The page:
We like to pretend that personal change is more difficult than it is.
There are some goals that are long shots and pipe dreams for most of us. Becoming an NBA basketball player. Being elected president. Winning a Nobel prize. Becoming a best-selling novelist. Even if you have the talent or physical ability to do those sorts of things, they might not happen. There’s a lot of luck involved — and very few get lucky enough to make it.
But for most of us, the changes we want are simpler. The goals are more achievable. Most of us look at our lives and wish for change. We wish we had more money. We wish we had partners who understand us and love us. We wish we lived somewhere we liked better. And some of us — such as me — just want to make some movies or find a platform to speak to the world in other ways.
But we don’t do those things. Why? We tell ourselves it’s just difficult to achieve what we want. We struggle to make the millions of dollars we’d like. We put up with relationships we’re unhappy with. We stay where we don’t want to be. And we keep dreaming about things instead of doing them.
I realized recently why this happens. At least for me. And maybe for you.
Change happens only when we have proper motivation.
Without motivation, you’re going to continue the same old patterns. You’re going to keep getting exactly what you’ve been getting. You’re going to keep cursing what you don’t like. You’re going to keep hating yourself for not making the change you want. You’re going to keep making excuses and pretending you have no choice. And you’re going to miss the opportunities for change that are offered to you.
Change isn’t really difficult. Seriously. Most of us claim we want change, but we rarely make those changes. Why? It’s because we don’t have motivation. We don’t want those things enough. We haven’t decided we deserve those things. We haven’t decided they’re important enough.
We don’t have a fire lit under us that burns us if we stay where we are.
I’m one of the most talented and capable people I know. Seriously. I don’t say that with pride. I say it with shame. Because I haven’t used the abilities I have to do any of the things I had hoped to do. I’ve coasted and taken the paths of least resistance in most cases.
But on those rare occasions when I have motivation, I can turn on a dime and use my abilities. Making my first short film was a perfect example.
I decided many years ago that I wanted to make films. I read books about it. I thought about how I might do it. I talked about it a lot. I did everything except actually pursue making something. I wanted the result, but I didn’t want it badly enough to take the leap and do something which scared me.
I played around with a couple of scripts. I talked to people about being involved in my project. But I allowed problems to stop me. Over and over again, I delayed doing anything about it.
Then I met a woman who I wanted to like me. She really liked the idea of me making films and she clearly was impressed that I wanted to make something. Within about three months of meeting her, I ignored all the “logical” problems and pragmatic issues that I had allowed to block my way — and I made a short film.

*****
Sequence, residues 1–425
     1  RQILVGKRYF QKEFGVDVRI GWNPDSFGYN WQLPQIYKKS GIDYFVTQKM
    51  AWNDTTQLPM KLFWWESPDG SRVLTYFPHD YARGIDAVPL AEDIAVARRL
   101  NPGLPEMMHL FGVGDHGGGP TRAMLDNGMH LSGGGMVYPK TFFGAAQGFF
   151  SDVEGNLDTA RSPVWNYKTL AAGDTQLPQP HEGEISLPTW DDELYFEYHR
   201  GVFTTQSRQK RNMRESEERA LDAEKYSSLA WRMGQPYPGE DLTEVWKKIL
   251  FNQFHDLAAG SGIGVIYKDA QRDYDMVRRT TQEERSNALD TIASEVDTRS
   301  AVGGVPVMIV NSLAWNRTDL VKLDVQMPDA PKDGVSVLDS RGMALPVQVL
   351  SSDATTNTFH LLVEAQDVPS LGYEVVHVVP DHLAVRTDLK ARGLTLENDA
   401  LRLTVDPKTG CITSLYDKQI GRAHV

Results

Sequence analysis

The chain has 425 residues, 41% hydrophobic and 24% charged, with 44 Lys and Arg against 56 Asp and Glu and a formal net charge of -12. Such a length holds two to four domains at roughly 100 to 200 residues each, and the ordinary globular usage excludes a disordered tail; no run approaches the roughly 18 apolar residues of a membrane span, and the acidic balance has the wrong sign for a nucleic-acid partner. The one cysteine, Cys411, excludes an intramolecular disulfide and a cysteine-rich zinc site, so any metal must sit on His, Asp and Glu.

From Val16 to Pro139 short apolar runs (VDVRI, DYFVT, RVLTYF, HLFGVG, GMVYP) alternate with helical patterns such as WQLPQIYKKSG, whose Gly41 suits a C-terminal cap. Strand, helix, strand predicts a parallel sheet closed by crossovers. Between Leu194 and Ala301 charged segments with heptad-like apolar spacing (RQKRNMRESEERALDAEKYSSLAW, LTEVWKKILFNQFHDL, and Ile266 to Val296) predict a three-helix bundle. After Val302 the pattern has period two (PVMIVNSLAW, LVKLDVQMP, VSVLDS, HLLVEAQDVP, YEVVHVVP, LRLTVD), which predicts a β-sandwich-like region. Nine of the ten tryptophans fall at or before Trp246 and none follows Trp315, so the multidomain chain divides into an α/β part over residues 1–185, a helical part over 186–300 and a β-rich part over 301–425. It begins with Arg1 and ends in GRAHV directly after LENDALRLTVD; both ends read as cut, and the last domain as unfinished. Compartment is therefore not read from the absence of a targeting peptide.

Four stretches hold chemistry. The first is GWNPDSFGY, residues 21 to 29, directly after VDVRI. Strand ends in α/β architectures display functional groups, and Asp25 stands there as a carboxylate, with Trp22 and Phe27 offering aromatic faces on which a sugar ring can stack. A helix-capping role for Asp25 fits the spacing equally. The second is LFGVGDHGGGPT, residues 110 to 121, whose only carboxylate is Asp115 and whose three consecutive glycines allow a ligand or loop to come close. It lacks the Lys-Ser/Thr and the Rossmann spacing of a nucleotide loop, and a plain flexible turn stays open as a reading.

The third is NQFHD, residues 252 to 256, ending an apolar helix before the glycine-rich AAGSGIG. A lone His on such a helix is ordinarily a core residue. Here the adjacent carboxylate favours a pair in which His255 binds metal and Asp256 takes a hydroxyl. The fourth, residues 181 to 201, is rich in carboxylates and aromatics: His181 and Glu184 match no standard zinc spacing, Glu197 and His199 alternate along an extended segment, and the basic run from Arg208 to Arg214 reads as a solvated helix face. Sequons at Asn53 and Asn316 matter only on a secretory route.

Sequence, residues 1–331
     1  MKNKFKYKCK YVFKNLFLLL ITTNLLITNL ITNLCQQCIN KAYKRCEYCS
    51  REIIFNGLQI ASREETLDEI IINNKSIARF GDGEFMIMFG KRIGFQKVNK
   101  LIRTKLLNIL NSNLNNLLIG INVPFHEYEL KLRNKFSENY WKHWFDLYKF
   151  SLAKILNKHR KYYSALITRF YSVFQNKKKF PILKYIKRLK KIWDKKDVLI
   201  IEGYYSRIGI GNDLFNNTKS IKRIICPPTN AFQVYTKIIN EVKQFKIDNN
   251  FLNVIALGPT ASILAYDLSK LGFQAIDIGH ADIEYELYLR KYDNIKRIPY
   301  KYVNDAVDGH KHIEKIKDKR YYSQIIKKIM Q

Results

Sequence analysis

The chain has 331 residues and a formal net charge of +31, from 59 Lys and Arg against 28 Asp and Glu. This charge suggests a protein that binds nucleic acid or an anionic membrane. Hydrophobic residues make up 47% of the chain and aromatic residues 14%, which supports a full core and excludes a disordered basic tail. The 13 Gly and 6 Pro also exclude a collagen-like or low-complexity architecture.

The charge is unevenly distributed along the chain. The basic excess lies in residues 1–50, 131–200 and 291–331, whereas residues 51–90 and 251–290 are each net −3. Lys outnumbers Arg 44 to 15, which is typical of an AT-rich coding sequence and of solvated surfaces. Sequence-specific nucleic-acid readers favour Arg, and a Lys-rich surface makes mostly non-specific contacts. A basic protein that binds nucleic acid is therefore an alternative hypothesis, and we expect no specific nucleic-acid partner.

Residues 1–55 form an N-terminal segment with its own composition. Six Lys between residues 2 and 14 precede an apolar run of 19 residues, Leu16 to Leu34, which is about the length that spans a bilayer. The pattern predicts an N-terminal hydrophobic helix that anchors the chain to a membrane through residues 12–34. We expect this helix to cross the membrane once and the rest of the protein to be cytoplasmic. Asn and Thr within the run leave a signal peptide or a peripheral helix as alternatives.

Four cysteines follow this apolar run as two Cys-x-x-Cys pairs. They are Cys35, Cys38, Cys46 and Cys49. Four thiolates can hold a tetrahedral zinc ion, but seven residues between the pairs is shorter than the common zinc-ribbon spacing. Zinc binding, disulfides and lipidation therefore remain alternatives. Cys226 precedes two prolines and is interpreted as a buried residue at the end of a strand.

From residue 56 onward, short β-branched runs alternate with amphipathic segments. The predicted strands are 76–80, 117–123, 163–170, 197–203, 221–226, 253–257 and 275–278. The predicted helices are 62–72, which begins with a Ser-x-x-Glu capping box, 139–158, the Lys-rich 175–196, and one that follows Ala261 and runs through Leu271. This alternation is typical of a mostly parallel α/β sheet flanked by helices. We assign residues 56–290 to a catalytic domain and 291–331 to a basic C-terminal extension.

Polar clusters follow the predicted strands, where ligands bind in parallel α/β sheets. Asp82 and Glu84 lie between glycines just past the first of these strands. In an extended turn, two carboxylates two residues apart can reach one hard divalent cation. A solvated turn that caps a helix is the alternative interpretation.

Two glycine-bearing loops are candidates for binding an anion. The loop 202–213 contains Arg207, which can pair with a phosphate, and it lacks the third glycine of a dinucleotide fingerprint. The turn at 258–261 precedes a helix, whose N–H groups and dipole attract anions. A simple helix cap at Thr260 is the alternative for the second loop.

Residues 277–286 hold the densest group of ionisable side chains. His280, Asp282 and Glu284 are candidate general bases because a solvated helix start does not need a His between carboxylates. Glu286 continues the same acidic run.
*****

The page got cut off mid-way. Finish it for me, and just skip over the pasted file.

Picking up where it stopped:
I didn’t know exactly what I was doing, but because I wanted to do something for her, I had the motivation to set aside my fears and my problems. I found a way to shoot my short film. I got it edited and finished. I entered film festivals and got it into about 20 festivals. The film even won some awards.
The woman didn’t give me anything that I didn’t already have. She didn’t give me talent or money or confidence. She simply gave me someone to do the work for. I had motivation, so I did it.
She’s long gone from my life, but the principle remains. When we’re motivated, change comes easy. Achievements come pretty easily. We leap tall buildings and we do more than we thought we could do.
Without motivation, we stay on a safe, comfortable course — always avoiding the very things we know we need and want.
I know some of the things I want to do and be, but I don’t have the motivation to do them. Not yet. I’m sure some would lecture me that I shouldn’t need external motivation. They might even be right. It doesn’t matter, though. This is the simple reality for me. It’s how I’m wired.
I achieve goals when I want to give things to someone else. I do things when I know it would make someone proud of me. I do things when I know someone would appreciate those things. I’m motivated by the love and admiration of others.
I’ve said this before, but it still applies. I have a burning need to be able to make good things for somebody and to be able to take them to her and say, “I made this because of you.”
It doesn’t matter how much talent or ability or knowledge or education we have. Without the right motivation, none of that is worthwhile. Without the right motivation, there will always be an excuse why it wasn’t possible to reach my goals.
I need a family to do things for. I need somebody who loves me and counts on me. I need children who think I could do anything and eagerly watch in innocent wonder as I do what they expect.
Life would be easier if I simply wanted to do things for myself, but I don’t seem to be made that way. My motivation comes from somewhere else, if it’s going to come at all. I just accept that — and I’m eager for love and understanding and needs of my loved ones to give me the motivation to make dreams come true for all of us.